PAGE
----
Jonas Reinhardt’s Ganymede comes as a double shot; not only is it a conceptual short film on the Jovian moon of its namesake but it’s also, in this case, the soundtrack that accompanies it.
Opener “Skeptical Seventh Sun” introduces the first of the six unusually titled pieces that we’re to be immersed into in the next 30 minutes. It’s also my favourite track of the album with its warbling drones the lush and spacious backdrop of the low-fidelity footage, the grittier pulses buried within the flashes of stellar and galactic light pinpricking the night sky. A tumble of gorgeous synth riffs introduce a phase of fractured and flowing fragments of distorted video in the most evocative and all consuming closing moments before it slips to black. Followup “Destruction of a Ghost” is rather different in appearance as well as sound as cyanotopic blobs writhe and jitter across the screen. Perfect blue balls oscillate and glide around as the coasting drone evolves into a growling, evolving menace, a chaotic phase of existence that sees the film move from simpler beginnings to a crazed, complex, multicellular end. It’s almost anticlimactic in the relieved but beauteous closing moments of soft synth fuzz.
“Airhouse” is rather more ambitious and perhaps the hardest to digest even in context. A patchwork quilt of bizarrely coloured images flash violently across the screen, distressed and decayed in appearance with purple, brown, yellow and green hues in a cracked and smeared framework. The music is reflective of this disgusting microscopic world as it thrums rhythmically to oscillating noise and thrumming synths pierced by briefly shining electronica, its pace but slow evolution mirroring that of this delicate and primitive world as it works its way up to its multi-textured climax. “A Young Colossus” is a welcome reprieve both sonically and visually is it opens to beautiful kaleidoscopic imagery and shimmery, repetitive synth riffs. It’s a bleary and sun-drenched track, the first to break out of the cold ice climes of the planet’s frozen interior and embrace the rainbow hues of the thin and weak sunlight on the moon’s surface. It’s jangly and shiny and fun and has a thick 60’s psychedelic vibe.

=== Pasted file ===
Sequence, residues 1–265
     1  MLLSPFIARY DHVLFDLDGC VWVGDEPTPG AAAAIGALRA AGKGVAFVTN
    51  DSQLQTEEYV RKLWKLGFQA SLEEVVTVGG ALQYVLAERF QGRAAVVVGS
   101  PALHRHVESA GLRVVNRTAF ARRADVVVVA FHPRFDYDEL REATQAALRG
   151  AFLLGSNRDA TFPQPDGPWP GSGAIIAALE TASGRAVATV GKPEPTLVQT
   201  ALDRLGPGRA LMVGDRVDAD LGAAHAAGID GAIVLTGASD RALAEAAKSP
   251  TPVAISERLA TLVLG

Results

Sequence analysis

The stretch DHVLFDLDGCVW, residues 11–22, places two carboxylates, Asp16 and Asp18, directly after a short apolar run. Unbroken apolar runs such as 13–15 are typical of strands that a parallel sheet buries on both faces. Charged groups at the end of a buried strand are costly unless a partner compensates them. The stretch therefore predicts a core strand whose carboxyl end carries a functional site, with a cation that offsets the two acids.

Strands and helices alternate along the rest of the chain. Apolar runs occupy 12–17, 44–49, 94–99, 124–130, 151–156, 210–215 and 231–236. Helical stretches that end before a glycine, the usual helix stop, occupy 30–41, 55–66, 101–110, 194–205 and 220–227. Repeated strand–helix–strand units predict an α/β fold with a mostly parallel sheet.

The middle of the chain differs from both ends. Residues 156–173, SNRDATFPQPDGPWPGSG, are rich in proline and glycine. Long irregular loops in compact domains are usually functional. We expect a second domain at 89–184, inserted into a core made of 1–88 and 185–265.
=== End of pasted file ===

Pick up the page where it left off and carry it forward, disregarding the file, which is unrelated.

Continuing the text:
But this bright-eyed, bushy-tailed atmosphere doesn’t last for long with the murky tones and claustrophobic imagery of “Malevolence in Blue”, a track that perhaps decries the isolating and limiting nature of the imprisoning ice that encases Ganymede. There’s a rather active tempo set here by the marching tones of the repeating synth blats that accompany the grinding background drones, evoking a kind of industrious mood that seeks to use all its limited resources to make the most of its surroundings and break free as glimpses of mechanical devices flicker through the swirling organic darkness. It ultimately warbles out to thickly processed guitars and stuttering visuals to the soft pools and rippled footage of finalé “Lox Moon”, a track that has come around entirely too quickly. Jittery shots of running water and prismatic crystals kind of recreate what the underside of this confining ice-ceiling might appear like to its inhabitants, but there’s a sense of wonderment in the music and almost fringe resignation in its distal sound in the woozy, ethereal drones and submerged electronica that writhes so enthusiastically beneath a suppressing haze of reverb. It bows out rapidly and with that our half and hour excursion to this mysterious world ends.
I’m not sure how many people will have the opportunity to enjoy the videography alongside the music but it’s extremely complementary and helps to bring some sense of order and understanding to the rather crazed snippets of heavily processed video. That being said the music is also extremely enjoyable on its own, and continue Constellation Tatsu’s psychedelic and analogue synth rich catalogue in this heavily conceptually rich mini album. It’s a bit overwhelming at times given its rapidfire presentation and fast paced oscillating synths but it’s luxurious and intelligently crafted, definitely highly recommended.